Global education in the context of a global pandemic

29.03.2020. - Velimir.M

When the Chinese authorities on December 31st 2019 informed the World Health Organisation about unordinary cases of pneumonia in Wuhan, a city of 11 million in the province of Hubei, nobody in the world community even blinked. This later turned out to be the deadly disease called COVID-19 caused by the novel SARS-CoV-2 coronavirus, but in this fateful moment, we celebrated the new decade, unaware that the potentially greatest event of our lives would come in only three months. Could Global Education have influenced a better response by the world community?

In China, the discovery of this new virus caused concerns among those who remembered the SARS virus epidemic. The world in 2002-2003 luckily avoided a global pandemic which would’ve had devastating consequences. With the Ebola virus it was similar. Yet those aware of the risks were desperately trying to warn the world community to take this problem seriously. Global education of course teaches us that it’s necessary to look out for our collective interest, or the interest of an endangered few, so that we could save our individual countries.

Unfortunately, the warnings were ignored; nobody wanted to believe our modern way of living was that susceptible to change. And yet, 21st century’s key advantage proved to be also its weakness, and that’s that the world is more global and interconnected than ever before.

Together through good times and bad

The economy is inextricably connected at the global level. Products are manufactured in one country, assembled in another and sold in yet another. A specialized economy is indeed efficient but is also susceptible to shocks such as pandemics. This is already noticeable as certain medical equipment and medicine are manufactured in only specific countries, and now there’s a bottleneck in the supply chain. That’s why many hospitals around the world, even in Serbia, do not have enough face masks and gloves to deal with this virus.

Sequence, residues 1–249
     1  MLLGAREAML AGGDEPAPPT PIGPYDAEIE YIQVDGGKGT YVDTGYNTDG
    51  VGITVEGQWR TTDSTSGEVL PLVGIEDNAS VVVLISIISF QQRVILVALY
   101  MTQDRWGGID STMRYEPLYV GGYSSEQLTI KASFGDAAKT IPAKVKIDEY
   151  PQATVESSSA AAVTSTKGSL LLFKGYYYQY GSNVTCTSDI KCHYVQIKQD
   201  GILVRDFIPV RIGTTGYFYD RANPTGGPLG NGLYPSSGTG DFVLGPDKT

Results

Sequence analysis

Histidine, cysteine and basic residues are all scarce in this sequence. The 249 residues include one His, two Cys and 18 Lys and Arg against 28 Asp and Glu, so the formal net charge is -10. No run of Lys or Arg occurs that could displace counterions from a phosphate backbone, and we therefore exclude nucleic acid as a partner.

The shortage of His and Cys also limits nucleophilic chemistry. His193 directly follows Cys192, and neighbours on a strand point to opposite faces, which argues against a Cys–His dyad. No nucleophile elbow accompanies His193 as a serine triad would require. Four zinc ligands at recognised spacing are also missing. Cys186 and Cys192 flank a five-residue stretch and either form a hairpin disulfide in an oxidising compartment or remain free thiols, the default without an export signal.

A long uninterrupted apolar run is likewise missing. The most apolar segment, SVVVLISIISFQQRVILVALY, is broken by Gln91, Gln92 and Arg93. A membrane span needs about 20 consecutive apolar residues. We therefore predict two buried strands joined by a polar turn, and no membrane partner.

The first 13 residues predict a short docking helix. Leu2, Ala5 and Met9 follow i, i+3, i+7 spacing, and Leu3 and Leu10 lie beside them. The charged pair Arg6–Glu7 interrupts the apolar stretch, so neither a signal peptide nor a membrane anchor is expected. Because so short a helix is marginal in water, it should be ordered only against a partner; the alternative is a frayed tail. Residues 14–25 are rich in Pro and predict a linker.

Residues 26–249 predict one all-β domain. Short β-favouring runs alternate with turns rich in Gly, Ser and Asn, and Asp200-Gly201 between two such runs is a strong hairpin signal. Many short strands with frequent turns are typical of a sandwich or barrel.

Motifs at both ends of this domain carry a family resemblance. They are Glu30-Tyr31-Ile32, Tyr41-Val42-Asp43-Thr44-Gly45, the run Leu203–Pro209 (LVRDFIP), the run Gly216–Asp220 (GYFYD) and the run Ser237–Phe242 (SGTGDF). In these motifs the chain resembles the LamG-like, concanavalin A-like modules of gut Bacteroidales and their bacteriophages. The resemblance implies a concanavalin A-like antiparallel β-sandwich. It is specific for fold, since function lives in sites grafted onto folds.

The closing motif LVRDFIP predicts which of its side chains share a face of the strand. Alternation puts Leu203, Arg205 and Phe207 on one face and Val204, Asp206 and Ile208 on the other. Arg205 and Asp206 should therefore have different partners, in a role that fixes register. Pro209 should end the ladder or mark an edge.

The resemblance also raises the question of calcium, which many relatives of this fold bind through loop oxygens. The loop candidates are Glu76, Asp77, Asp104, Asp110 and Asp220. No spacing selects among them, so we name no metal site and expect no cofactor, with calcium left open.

Another aspect of our global world is the speed and the way information spreads. The internet has allowed us to see instantly what is happening across the world; social media has allowed us to see it from a thousand different perspectives. With progress inevitably come certain side effects. Misinformation spreads just as information does in the best of cases, and in crises such as the coronavirus pandemic, when panic and uncertainty have set in, it spreads even faster. This can become dangerous for a society. That’s why Global Education has been advocating for years to prioritize expert recommendations and legitimate sources over unproven rumours and conspiracy theories in the public opinion.

Vaccination by Global Education

This is why it’s crucially important to recognize in the first place that we are a global society, which represents a core pillar of Global Education. Only when we recognise our global reality can we achieve a harmonious world community based upon cooperation, peaceful conflict resolution and human rights. A harmonious world community would undoubtedly coordinate a quicker and more effective response to such a pandemic.

Also, it is more important than ever to innovate and invest in education, so that our youth are well-equipped to handle being bombarded with information. We must also “vaccinate” them against misinformation by teaching them critical thinking. Luckily, the North-South Centre of the Council of Europe and their concept of Global Education have already been solving these problems for three decades. We needn’t reinvent the wheel, but only apply what has been done and implement within our educational systems, both formal and nonformal, recommendations which have already been advocated for years.

It is understandable that we are currently preoccupied with the immediate response to this pandemic to even consider thinking about long-term systemic solutions to prevent such situations happening in the future. But now we have an opportunity to dream, to imagine a new and better world — Global education has a few tips on how we could achieve it.